The Devil Wears Prada

DRESS TO EMPRESS Coat dumping is the privilege of the elite Streep.
DRESS TO EMPRESS Coat dumping is the privilege of the elite Streep.

Time Out says

Anyone who has worked for a fashion magazine, which I did for two years as a copy editor at a Cond Nast publication, will readily recognize the particular pathology of Runway—which, rumor has it, Lauren Weisberger based on her experience working at Vogue for her wildy popular book The Devil Wears Prada. I had a cup of water thrown on me by the managing editor, listened to skeletal beauty editors squawk incessantly about their planned liposuction and deflected withering stares of dismissal from the meanest of Mean Girls wearing Christian Lacroix.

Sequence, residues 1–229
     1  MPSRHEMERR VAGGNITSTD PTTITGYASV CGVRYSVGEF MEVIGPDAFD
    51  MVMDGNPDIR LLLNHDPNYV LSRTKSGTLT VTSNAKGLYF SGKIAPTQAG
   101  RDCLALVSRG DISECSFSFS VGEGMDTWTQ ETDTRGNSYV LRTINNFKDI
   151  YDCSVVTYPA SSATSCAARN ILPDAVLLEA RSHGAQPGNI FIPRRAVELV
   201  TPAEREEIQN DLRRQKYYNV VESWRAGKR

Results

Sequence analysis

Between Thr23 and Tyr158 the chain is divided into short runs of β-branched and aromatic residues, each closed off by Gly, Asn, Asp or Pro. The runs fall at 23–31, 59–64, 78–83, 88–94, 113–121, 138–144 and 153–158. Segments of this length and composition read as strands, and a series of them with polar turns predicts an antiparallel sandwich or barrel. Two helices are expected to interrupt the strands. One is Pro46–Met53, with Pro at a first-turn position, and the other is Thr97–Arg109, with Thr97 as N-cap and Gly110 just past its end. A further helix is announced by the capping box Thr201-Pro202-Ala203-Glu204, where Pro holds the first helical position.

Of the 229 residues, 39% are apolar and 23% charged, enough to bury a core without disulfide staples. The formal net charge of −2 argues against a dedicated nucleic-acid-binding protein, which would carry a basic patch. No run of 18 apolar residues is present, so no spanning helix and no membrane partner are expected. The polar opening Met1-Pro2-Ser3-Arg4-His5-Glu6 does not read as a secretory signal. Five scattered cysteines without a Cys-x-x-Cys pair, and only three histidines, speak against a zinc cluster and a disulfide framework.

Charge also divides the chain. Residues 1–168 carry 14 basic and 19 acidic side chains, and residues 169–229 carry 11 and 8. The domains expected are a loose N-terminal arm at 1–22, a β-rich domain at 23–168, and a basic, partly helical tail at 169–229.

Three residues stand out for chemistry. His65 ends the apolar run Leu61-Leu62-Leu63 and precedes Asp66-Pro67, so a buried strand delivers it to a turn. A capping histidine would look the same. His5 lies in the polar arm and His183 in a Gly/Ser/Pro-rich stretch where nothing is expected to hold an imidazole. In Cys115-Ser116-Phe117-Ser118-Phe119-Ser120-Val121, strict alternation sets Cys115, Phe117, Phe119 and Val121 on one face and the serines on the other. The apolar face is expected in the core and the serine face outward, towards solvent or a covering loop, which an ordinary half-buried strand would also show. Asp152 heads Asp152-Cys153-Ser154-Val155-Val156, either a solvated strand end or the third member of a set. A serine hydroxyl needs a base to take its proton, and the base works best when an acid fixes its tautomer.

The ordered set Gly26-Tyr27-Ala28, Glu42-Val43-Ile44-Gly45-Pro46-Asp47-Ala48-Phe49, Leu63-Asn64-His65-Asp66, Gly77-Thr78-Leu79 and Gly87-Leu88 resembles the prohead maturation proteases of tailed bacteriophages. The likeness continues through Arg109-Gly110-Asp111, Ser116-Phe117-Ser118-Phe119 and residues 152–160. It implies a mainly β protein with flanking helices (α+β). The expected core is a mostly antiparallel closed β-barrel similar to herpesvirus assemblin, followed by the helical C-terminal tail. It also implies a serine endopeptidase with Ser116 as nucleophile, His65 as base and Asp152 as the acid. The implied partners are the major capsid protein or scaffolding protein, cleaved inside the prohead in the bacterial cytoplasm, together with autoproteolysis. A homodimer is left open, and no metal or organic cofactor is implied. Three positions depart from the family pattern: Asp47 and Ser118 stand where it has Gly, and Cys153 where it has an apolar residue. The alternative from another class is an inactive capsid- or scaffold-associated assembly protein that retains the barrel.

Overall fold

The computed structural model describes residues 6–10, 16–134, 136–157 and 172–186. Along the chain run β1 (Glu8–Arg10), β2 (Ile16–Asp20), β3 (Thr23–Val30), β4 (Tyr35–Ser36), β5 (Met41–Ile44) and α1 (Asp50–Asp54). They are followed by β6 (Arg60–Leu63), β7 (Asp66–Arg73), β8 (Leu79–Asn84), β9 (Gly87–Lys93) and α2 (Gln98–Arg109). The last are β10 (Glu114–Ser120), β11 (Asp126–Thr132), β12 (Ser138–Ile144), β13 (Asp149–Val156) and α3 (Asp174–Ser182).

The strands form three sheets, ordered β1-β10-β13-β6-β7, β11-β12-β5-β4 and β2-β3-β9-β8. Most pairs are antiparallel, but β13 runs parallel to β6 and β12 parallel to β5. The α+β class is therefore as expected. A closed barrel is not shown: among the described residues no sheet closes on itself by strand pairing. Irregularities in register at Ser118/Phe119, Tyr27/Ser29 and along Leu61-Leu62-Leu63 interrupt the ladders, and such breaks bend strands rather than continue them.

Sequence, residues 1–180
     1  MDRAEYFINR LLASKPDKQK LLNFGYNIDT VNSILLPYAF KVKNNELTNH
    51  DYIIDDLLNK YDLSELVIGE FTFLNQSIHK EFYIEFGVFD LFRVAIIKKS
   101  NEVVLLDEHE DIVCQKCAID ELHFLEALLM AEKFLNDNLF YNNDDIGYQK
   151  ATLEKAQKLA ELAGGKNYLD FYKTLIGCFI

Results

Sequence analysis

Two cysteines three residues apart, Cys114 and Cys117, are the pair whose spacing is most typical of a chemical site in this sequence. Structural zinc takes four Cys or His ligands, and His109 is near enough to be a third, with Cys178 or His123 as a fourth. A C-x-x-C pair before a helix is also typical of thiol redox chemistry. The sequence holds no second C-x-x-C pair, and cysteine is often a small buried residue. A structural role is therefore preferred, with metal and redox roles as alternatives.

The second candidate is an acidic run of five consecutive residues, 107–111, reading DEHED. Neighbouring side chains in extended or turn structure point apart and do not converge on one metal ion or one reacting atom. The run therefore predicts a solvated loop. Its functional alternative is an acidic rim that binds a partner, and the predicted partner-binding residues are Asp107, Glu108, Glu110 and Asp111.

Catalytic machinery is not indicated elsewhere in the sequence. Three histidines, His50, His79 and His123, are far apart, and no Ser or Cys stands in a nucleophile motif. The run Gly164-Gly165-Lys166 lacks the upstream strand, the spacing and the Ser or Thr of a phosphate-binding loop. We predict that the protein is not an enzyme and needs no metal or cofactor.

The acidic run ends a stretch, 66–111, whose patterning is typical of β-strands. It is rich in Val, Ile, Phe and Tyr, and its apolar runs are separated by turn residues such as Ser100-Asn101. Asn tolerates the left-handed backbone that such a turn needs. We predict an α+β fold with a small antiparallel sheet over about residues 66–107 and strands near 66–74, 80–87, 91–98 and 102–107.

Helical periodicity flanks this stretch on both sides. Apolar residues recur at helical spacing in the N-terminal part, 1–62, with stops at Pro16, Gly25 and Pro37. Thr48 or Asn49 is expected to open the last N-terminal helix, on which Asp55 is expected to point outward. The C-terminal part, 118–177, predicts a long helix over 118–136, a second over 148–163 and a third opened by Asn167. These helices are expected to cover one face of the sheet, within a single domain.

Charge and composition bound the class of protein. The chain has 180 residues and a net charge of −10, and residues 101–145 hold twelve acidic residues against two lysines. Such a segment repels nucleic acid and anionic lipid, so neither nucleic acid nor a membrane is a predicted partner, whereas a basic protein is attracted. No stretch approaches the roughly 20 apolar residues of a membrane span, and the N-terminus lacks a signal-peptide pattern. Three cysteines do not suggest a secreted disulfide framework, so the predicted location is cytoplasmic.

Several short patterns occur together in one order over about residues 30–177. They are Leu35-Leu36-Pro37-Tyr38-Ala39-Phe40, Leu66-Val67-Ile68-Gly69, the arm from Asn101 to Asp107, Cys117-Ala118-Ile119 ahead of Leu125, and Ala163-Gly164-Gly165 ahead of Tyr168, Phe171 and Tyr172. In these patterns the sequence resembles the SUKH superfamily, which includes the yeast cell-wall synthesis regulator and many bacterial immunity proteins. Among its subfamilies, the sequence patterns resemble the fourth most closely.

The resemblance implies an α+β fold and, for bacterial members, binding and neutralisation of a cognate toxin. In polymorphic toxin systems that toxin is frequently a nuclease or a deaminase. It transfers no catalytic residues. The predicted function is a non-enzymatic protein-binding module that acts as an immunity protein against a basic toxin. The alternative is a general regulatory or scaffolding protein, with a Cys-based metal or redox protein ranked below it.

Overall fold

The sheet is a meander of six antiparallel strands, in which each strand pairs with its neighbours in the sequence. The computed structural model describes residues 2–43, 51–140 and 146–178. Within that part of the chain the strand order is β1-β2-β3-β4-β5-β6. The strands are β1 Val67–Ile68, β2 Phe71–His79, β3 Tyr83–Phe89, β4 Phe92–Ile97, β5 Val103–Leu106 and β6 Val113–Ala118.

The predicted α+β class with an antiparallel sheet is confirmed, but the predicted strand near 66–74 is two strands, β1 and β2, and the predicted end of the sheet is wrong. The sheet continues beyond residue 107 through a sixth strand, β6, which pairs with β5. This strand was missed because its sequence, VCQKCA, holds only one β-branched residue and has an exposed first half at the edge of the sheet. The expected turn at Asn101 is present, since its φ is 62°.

Frankel’s film gets this culture of humiliation exactly right, with a particular coup in Meryl Streep’s performance as Miranda Priestly, the Herms-draped, diabolically sadistic editor-in-chief of Runway who torments new assistant Andy Sachs (Hathaway), prone to wearing poly-cotton sweaters and prating about past journalistic achievements at Northwestern. Delivering Priestly’s most vicious remarks in a honeyed sotto voce, Streep perfectly conveys the raging narcissism of a killer in haute couture. The film teeters on its spiky Jimmy Choo heels, however, when it shifts from the wicked roman clef material to the bland bildungsroman. Stockholm syndrome sets in: Andy shakes hands with the devil after her first trip to the fashion closet. Soon, however, Satan’s minion realizes she’d rather go back to her frumptastic life than hobnob in Paris during Fashion Week. But why should we care? To paraphrase Lillian Hellman, we should not have to cut our fashion movie to fit this year’s conscience. (Opens Fri; click here for listings) — Melissa Anderson



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